By Margaret Webb Pressler
Washington Post Staff Writer
Tuesday, June 14, 2005
At Wegmans, the mini muffins baked at the chain's main bakery in Rochester, N.Y., have become so popular that last month the company stopped shipping packs of full-size muffins to stores.
At Giant, the two-bite replicas of bigger bakery offerings are among the department's best sellers, so the chain keeps adding more varieties.
At Balducci's (formerly Sutton Place Gourmet), about 40 percent of the muffins and danish the chain sells are of the tiny variety -- up from just 5 percent two years ago.
To walk through a store bakery today is to witness the explosion of mini mouthfuls -- bagels, muffins, brownies, cupcakes, croissants, doughnuts, scones, desserts and bread. And even where things aren't being shrunk down to the point of cuteness, there appears to be some portion control creeping into baked goods: Caribou Coffee Co. and Panera Bread Co. are two national chains set to roll out baked goods that are about 20 percent smaller than what's on the menu today.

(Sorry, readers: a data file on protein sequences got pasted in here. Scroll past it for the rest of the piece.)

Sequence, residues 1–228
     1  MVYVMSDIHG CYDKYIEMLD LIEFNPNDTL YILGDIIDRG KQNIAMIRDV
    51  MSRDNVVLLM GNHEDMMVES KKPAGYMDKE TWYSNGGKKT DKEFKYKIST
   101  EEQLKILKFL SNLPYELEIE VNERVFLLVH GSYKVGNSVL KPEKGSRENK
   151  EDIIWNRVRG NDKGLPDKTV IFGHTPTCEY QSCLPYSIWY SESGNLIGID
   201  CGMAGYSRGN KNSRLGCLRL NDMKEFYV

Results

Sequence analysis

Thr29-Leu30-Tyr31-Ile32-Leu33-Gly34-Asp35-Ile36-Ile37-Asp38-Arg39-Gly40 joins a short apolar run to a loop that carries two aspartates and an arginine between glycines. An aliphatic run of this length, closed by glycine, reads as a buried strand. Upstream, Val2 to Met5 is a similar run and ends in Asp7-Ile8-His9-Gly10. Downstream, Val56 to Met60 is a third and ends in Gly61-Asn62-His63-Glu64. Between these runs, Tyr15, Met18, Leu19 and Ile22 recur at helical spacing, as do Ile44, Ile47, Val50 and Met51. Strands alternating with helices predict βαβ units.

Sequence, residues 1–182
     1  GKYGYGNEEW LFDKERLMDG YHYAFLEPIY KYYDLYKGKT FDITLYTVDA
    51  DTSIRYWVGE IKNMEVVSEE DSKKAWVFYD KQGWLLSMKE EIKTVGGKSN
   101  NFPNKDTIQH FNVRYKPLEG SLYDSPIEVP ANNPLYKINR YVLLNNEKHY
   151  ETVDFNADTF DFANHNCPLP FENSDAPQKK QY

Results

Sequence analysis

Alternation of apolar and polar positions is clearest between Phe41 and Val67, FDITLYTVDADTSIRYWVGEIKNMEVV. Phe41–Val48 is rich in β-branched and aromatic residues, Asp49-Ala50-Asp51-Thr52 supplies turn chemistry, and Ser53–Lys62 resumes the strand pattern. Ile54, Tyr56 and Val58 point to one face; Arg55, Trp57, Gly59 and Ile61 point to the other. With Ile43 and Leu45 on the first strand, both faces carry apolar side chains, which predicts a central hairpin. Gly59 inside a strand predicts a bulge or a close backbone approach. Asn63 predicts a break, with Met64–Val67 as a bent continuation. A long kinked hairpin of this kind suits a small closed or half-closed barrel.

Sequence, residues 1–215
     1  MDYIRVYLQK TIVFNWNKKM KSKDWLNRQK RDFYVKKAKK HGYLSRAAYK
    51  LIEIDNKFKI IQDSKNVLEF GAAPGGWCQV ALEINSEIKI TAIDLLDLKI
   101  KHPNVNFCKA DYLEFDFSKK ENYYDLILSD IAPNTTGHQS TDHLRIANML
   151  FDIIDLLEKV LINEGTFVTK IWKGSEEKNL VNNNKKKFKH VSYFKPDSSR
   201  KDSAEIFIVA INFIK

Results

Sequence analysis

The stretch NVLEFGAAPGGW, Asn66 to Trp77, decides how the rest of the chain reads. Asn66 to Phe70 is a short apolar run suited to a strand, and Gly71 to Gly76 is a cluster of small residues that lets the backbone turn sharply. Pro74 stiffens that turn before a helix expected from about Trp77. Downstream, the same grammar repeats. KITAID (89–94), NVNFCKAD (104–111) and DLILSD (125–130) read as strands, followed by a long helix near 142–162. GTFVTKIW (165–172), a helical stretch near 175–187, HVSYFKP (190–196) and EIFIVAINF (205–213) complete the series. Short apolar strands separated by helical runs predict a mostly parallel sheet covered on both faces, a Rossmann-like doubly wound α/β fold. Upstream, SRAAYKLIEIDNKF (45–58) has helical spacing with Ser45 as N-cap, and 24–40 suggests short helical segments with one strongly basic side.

"We're not doing six-ounce muffins any more," said Michael J. Coles, chief executive of Caribou Coffee, the fast-growing Minneapolis-based coffee chain with 310 stores. "People don't want that, I think because it's an overcommitment."
Coles and others say the downsizing of so many sweets is in part the result of consumers wanting portable, eat-on-the-run food and in part a function of rising awareness of nutrition and portion control. Portion has become a big buzzword among food manufacturers, which have been repackaging popular snack foods in smaller sizes, such as Nabisco's 100-Calorie Packs.